Into the Cold - 60 years since Churchill's Iron Curtain speech

Winston Churchill in Fulton

The Cold War held the political world on edge until its end in 1991, when the Soviet Union fell. This significant rift in international relations overshadowed world politics for over 45 years. Now, 60 years have passed since Winston Churchill delivered his famous "Iron Curtain" speech, which is widely regarded as the beginning of the Cold War. Chris Jarrett takes a look at the impact of the Iron Curtain on Czechoslovak borders.

Winston Churchill in Fulton
"From Stettin in the Baltic to Trieste in the Adriatic an iron curtain has descended across the Continent. Behind that line lie all the capitals of the ancient states of Central and Eastern Europe."

With these words, the world first heard the term "the Iron Curtain" as Winston Churchill delivered his "Sinews of Peace" speech in Fulton, Missouri, on March 5th, 1946. He referred to the divide in Europe between the self-governing nations of the West and those in Eastern Europe under Soviet Communist control. The speech is viewed by many historians as marking the beginning of the Cold War, the economic and ideological struggle which would dominate international politics for the next 45 years. Jan Srb, spokesman for the Office for the Documentation and Investigation of the Crimes of Communism:

"After the Communist putsch in Czechoslovakia in 1948 the state borders with Western Europe were gradually cutoff - that means with Austria and West Germany. Following February 1948 border units were reinforced after people began fleeing to the west and from 1952 we saw the "real" Iron Curtain - that means barbed wire, electrified barriers and also landmines. That was the situation until 1965, when the West pressured Czechoslovakia to remove the electric fences. But of course the borders remained heavily guarded for the whole period of Communist Czechoslovakia, right up until November 1989."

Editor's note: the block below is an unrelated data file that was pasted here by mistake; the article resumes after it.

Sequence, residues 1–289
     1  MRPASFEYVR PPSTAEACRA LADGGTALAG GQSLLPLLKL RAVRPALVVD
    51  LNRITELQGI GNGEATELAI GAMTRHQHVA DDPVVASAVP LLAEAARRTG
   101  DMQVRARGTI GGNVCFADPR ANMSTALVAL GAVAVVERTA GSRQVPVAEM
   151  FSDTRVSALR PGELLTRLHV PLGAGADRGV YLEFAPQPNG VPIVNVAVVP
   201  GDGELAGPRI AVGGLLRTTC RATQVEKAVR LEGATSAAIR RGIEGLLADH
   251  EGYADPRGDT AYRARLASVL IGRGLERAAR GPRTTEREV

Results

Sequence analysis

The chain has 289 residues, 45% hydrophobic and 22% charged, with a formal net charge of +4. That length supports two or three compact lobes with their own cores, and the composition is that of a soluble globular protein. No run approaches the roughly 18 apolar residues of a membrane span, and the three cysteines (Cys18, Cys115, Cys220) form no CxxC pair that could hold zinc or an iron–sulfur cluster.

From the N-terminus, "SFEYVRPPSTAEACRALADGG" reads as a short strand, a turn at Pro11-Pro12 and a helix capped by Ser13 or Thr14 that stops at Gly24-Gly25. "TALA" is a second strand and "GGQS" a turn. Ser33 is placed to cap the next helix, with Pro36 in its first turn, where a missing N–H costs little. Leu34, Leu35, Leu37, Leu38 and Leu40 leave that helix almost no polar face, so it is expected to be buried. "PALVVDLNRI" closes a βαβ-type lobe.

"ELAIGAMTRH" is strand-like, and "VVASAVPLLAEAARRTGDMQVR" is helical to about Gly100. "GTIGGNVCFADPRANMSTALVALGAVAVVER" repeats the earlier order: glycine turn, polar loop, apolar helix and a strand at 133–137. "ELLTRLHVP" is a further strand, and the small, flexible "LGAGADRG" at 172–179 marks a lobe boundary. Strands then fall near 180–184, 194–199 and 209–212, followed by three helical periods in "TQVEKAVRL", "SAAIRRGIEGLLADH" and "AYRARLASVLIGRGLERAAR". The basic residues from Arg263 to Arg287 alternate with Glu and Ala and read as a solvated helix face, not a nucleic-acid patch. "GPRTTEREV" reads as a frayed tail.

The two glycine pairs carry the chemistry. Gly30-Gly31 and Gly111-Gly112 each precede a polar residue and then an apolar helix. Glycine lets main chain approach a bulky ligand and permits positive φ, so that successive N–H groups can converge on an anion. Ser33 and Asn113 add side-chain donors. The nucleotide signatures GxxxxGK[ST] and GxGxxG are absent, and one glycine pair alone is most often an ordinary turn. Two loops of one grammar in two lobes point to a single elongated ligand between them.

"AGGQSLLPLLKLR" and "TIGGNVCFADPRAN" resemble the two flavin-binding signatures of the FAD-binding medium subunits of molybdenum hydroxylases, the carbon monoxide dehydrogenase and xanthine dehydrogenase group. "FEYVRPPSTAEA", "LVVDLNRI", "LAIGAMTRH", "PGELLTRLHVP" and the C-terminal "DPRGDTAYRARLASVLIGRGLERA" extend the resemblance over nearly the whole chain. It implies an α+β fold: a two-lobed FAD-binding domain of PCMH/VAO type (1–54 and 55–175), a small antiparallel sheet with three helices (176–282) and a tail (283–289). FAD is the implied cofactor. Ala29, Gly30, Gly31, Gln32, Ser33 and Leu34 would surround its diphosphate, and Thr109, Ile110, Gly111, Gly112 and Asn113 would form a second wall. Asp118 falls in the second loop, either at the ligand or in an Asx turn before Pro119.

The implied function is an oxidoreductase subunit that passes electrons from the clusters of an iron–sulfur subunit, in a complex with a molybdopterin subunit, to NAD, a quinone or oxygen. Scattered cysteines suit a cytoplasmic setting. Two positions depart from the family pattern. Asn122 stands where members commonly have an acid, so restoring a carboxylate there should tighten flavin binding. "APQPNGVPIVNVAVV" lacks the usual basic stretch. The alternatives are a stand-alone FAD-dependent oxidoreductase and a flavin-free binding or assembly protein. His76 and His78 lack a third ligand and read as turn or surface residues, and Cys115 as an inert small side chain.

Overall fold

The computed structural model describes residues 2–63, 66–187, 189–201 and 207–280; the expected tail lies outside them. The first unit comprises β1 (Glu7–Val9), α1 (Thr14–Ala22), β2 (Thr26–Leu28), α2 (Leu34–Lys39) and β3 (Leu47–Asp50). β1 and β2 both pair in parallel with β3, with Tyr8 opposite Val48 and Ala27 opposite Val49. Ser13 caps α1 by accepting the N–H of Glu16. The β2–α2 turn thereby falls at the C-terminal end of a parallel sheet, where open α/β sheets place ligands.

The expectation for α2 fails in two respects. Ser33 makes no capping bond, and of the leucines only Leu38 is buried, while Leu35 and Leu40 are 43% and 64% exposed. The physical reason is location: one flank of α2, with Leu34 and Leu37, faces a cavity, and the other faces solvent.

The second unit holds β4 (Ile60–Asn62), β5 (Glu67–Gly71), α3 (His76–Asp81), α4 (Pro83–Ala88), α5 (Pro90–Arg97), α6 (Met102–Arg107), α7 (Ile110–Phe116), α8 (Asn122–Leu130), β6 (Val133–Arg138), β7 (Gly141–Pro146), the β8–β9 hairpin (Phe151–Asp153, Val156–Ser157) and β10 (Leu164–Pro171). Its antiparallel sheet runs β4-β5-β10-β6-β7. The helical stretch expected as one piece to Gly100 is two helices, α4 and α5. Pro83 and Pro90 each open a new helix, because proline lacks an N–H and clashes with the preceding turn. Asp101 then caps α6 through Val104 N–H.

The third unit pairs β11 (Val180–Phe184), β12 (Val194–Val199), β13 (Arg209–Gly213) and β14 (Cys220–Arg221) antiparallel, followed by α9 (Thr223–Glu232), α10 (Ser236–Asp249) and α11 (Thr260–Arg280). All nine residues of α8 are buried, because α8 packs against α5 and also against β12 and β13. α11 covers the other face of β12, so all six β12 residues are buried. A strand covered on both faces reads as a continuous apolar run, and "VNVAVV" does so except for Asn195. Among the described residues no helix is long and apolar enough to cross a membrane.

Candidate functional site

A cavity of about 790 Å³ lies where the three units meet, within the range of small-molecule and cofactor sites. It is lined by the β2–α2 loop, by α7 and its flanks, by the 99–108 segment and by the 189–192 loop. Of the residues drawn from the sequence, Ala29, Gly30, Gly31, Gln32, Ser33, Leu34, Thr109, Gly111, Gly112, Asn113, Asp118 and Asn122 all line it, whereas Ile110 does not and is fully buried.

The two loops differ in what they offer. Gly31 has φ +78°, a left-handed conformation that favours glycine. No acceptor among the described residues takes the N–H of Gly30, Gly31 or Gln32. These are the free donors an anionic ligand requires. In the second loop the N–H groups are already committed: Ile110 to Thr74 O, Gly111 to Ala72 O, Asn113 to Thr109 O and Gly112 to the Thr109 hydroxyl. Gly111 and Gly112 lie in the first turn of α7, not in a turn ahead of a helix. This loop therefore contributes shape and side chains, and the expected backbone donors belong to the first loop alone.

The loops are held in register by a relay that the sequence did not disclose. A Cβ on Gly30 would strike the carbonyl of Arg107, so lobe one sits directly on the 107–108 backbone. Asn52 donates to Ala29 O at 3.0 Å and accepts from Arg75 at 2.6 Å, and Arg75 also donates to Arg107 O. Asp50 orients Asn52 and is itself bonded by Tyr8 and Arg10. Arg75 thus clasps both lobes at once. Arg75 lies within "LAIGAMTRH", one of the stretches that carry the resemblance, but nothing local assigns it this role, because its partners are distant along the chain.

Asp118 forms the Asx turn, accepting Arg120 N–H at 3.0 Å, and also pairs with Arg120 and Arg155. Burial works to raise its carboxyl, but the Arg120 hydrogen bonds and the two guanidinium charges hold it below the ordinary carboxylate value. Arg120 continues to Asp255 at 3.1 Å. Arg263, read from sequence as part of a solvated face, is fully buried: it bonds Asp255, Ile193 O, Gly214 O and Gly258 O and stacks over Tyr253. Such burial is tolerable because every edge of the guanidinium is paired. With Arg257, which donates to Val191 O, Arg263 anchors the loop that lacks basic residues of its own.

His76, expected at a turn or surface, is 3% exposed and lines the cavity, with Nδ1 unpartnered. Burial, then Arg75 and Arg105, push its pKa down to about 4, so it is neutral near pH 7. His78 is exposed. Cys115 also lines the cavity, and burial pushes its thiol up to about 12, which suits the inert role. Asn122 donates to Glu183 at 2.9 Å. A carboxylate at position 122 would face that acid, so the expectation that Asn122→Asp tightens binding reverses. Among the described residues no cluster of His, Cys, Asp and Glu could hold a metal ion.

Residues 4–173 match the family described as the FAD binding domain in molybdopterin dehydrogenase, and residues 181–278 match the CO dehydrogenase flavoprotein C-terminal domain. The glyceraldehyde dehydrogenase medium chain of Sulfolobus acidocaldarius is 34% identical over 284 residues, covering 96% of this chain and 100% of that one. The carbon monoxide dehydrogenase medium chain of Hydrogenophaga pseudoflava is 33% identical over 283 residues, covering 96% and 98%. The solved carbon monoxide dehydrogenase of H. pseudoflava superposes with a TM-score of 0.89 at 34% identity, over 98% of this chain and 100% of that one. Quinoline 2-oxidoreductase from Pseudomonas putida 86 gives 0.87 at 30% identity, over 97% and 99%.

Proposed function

But Czechoslovaks were not the only ones to suffer from the Iron Curtain in the country. A number of foreigners also fell victim to the 650 guards who defended the border, as the recent book "Organisation and activity of armed border forces" issued by the Office for the Documentation and Investigation of the Crimes of Communism, reveals. It was discovered that over 280 civilians, including 70 from outside Czechoslovakia perished trying to escape the country. Jan Srb explains:

Photo: archive of Radio Prague
"There were of course citizens of Czechoslovakia, but among them there were also citizens of Austria, Poland, East and West Germany, Yugoslavia, Hungary and so on. The circumstances of their deaths were also surveyed and divided according to who was - that's more than 140, and who died on the electric fences - that's around 95. Some people died from stepping on land mines or drowned in the rivers along the border."

But the book estimates the death toll may in fact have been much higher. Jan Srb again:

"With regard to the number of dead at the borders at the time, the figure is not complete and probably never will be. We of course have information from the archives, but a good many people at the beginning of the 50's vanished without a trace. They may have ended up in secret mass graves. There are many dead without names."